Can you Turn Fat Into Muscle?

You cannot flip through an exercise magazine without seeing an ad with two pictures: the first is of a chubby pale guy holding a newspaper and the second is supposedly the same guy –only he is now tan, blonde, and ripped.

While you may laugh at these ridiculous before and after pictures, they’ve subconsciously led us to believe that it’s possible for unsightly muscle to transform directly into rock-hard muscle. While you can dramatically transform your body from flabby to fit, magically transforming your gut into guns is something that belongs in fitness folklore.

Fat to Muscle Conversion is Metabolically Impossible

Fat and muscle are two completely different tissues in the body. Because they are created, regulated, and destroyed by different (and opposing) metabolic pathways, it’s physically impossible from one to turn directly into the other.

How Fat and Muscle Work

When your body creates a new fat cell, that cell is destined to become a fat cell. When you burn fat, you are actually releasing the stored fat within that cell, not transforming it into another cell.

Muscle cells on the other hand are much more active. They are almost constantly turning over, releasing and receiving amino acids, and of course, lifting moving stuff around.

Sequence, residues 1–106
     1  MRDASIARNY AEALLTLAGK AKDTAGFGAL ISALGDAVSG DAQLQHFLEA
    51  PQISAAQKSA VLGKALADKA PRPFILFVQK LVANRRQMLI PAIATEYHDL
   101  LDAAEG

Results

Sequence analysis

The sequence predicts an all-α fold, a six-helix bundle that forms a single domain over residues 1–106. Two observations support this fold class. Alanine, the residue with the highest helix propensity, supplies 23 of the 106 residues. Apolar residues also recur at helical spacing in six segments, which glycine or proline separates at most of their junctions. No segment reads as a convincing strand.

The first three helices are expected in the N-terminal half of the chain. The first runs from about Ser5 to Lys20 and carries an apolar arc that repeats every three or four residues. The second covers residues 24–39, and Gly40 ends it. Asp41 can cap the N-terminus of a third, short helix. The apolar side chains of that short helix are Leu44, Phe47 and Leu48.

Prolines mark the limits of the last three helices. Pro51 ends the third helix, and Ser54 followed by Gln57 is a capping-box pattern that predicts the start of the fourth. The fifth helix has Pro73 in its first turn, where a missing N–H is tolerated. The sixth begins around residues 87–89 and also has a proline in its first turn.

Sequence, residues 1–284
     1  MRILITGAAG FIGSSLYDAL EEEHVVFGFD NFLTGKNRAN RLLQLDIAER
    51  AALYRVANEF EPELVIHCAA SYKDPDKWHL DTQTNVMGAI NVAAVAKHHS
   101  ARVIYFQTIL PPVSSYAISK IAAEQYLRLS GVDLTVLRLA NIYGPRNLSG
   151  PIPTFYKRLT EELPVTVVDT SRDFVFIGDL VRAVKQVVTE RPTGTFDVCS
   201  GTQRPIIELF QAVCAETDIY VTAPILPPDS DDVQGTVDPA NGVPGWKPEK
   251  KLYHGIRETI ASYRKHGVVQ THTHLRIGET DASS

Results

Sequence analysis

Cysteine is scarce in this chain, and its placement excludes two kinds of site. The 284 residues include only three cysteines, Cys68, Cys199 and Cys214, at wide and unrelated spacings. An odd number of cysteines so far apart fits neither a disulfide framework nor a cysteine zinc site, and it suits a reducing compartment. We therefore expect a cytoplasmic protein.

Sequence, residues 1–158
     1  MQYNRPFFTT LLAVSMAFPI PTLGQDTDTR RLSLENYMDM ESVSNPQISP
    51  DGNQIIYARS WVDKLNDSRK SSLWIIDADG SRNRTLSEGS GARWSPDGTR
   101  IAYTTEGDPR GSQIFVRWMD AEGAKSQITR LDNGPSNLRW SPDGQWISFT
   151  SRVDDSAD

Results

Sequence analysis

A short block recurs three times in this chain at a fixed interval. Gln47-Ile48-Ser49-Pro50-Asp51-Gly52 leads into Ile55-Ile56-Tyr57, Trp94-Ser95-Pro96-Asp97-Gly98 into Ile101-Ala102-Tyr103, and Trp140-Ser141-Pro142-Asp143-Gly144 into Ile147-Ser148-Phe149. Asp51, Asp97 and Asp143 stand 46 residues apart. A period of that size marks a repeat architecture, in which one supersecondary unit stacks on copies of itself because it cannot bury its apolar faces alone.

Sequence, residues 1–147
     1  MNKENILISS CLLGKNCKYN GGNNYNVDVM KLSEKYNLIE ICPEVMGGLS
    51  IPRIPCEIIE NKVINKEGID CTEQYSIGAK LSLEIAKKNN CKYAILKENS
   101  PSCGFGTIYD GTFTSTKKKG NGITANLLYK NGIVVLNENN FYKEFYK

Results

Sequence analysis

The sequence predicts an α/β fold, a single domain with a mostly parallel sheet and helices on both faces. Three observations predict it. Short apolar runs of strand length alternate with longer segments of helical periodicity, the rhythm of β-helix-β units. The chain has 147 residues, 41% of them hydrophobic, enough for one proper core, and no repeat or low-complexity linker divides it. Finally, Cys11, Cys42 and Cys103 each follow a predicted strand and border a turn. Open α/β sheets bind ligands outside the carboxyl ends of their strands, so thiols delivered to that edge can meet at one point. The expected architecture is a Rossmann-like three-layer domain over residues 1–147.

Because their respective jobs in the body are so incredibly different, evolution has made it so fat cells cannot be turned into muscle. In theory, the calories you release from fat tissue utilization may someday end up as part of new muscle, but this effect is minimal and insignificant.

Two Opposing Goals

Educated bodybuilders see through the fat-to-muscle myth –hence the reason they divide their training into two distinct phases: bulking up and cutting. They understand that, because the body can only go into one direction at once, it’s futile to try to bulk up and lean out the same time. If it were possible for fat to shift into muscle, you would find bodybuilders fat as could be one day and then muscular the next.

Instead, most educated lifters first stimulate growth of muscle mass (and fat mass as an unavoidable byproduct) by lifting and eating more than usual. Then, as a competition approaches, they go into fat burning mode. Despite strength training like mad and burning fat, none of the extra fat creates any more muscle than was originally there. In fact, the goal of cutting is not to put on more mass, but to limit the muscle that gets lost with the fat.

It may be disappointing to learn that your fat can’t transform into muscle mass, but this doesn’t change the basic tenets of a killer physique: strength training, cardio, and a clean diet.

For more infomation on losing fat you might what to check out the guide on how to lose fat.

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